Prepare for the 2022 work stoppage by reading someone who was around for the last one!; we are going to need a theoretical physicist or two to figure out if Erik González is a center fielder or not; a VIP attends a ballgame
“Now I’m kind of wondering what’s next. I went to sleep with `Karate Kid’ and woke up to Peter Gammons, which was a little frightening.” –Doug Mientkiewicz, Twins infielder, on falling asleep in front of his TV Thursday August 29th
[Just after midnight Eastern time Friday morning, the Prospectus staff starts discussing the coming agreement]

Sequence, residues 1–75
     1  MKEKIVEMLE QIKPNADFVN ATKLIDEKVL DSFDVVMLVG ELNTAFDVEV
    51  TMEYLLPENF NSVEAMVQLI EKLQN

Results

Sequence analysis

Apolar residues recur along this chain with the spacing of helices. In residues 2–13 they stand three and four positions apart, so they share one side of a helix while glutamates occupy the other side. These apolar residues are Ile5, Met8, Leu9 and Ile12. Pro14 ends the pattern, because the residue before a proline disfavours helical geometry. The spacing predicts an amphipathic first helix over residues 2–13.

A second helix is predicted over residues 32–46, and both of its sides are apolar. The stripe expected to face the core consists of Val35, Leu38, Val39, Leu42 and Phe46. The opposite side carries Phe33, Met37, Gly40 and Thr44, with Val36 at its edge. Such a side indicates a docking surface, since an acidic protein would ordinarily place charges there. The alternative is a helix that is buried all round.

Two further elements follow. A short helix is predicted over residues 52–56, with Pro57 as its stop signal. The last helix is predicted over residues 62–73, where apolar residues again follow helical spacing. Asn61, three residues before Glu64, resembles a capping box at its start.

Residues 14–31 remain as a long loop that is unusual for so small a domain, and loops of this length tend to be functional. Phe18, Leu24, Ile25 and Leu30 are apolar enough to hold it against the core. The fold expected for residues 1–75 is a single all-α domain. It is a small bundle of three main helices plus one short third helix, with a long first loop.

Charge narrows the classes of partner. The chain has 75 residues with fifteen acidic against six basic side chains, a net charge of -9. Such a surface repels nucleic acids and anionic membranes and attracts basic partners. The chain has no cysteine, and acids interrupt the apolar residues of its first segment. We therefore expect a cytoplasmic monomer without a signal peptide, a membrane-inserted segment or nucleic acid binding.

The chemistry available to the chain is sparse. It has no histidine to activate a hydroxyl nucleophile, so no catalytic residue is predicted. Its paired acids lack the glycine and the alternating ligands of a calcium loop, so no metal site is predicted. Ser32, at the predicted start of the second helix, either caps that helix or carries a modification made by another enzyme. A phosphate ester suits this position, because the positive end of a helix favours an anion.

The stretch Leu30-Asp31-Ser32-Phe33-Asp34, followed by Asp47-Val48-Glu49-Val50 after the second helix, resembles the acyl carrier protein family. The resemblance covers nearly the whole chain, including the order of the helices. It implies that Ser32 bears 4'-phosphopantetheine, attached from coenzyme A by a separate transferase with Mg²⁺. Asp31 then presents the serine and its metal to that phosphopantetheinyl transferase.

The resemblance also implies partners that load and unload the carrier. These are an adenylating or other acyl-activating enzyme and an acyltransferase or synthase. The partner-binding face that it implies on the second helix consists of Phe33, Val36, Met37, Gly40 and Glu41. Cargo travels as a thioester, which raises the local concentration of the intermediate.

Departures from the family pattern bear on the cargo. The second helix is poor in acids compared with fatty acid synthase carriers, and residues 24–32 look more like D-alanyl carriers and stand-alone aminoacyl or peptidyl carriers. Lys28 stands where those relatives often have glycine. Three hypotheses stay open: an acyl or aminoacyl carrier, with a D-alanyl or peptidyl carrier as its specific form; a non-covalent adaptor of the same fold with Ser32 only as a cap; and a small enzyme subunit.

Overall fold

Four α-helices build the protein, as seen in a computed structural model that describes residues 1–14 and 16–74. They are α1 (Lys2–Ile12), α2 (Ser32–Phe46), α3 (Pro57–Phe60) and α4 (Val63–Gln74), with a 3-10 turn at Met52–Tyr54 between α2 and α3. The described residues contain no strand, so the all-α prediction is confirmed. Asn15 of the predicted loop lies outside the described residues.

Derek Zumsteg: It appears that if the owners gave in right now, just said “sure, we’ll take your last offer”, they’d have won more in this negotiation than in any previous one since free agency. Why did the players move so far? Are they that afraid of the NLRB and implementation? Do they believe that if they give in this time, they’ll be able to win it back in four years when it’s apparent none of this did any good for competitive balance?
In 1994, I never did believe there was going to be a strike. I was wrong, of course, and in the process of being wrong learned a lot about labor relations, economics, and how those things apply to baseball.
Lost in the chaos that surrounded the All-Star Game–and the spate of anti-marketing that followed it–was that the players did not set a strike date. They met, they authorized team votes on whether to walk, but no date was set, and none has yet been set.